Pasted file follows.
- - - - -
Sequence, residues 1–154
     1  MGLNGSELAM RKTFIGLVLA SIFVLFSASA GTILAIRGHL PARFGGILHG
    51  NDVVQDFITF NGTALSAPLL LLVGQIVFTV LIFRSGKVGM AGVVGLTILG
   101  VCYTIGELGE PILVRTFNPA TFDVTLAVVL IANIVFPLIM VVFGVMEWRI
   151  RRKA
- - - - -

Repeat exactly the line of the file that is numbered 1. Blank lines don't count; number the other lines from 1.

Sequence, residues 1–154